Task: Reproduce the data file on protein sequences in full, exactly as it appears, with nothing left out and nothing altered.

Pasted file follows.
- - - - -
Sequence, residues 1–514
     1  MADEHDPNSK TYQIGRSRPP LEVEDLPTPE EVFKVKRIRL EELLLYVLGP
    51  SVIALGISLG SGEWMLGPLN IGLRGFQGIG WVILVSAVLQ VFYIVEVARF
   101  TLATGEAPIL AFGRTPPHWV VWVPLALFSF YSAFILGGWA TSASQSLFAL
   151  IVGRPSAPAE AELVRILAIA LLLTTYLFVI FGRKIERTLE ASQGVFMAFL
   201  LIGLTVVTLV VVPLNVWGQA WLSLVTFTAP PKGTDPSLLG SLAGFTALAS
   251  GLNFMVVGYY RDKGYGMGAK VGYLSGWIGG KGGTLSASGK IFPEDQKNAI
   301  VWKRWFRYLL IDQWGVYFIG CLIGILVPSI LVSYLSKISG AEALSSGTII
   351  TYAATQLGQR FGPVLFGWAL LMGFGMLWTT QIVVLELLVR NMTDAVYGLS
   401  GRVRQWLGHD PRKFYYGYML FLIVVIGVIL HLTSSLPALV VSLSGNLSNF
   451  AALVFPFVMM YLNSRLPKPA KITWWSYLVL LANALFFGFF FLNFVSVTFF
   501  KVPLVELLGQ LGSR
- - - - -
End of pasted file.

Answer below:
Sequence, residues 1–514
     1  MADEHDPNSK TYQIGRSRPP LEVEDLPTPE EVFKVKRIRL EELLLYVLGP
    51  SVIALGISLG SGEWMLGPLN IGLRGFQGIG WVILVSAVLQ VFYIVEVARF
   101  TLATGEAPIL AFGRTPPHWV VWVPLALFSF YSAFILGGWA TSASQSLFAL
   151  IVGRPSAPAE AELVRILAIA LLLTTYLFVI FGRKIERTLE ASQGVFMAFL
   201  LIGLTVVTLV VVPLNVWGQA WLSLVTFTAP PKGTDPSLLG SLAGFTALAS
   251  GLNFMVVGYY RDKGYGMGAK VGYLSGWIGG KGGTLSASGK IFPEDQKNAI
   301  VWKRWFRYLL IDQWGVYFIG CLIGILVPSI LVSYLSKISG AEALSSGTII
   351  TYAATQLGQR FGPVLFGWAL LMGFGMLWTT QIVVLELLVR NMTDAVYGLS
   401  GRVRQWLGHD PRKFYYGYML FLIVVIGVIL HLTSSLPALV VSLSGNLSNF
   451  AALVFPFVMM YLNSRLPKPA KITWWSYLVL LANALFFGFF FLNFVSVTFF
   501  KVPLVELLGQ LGSR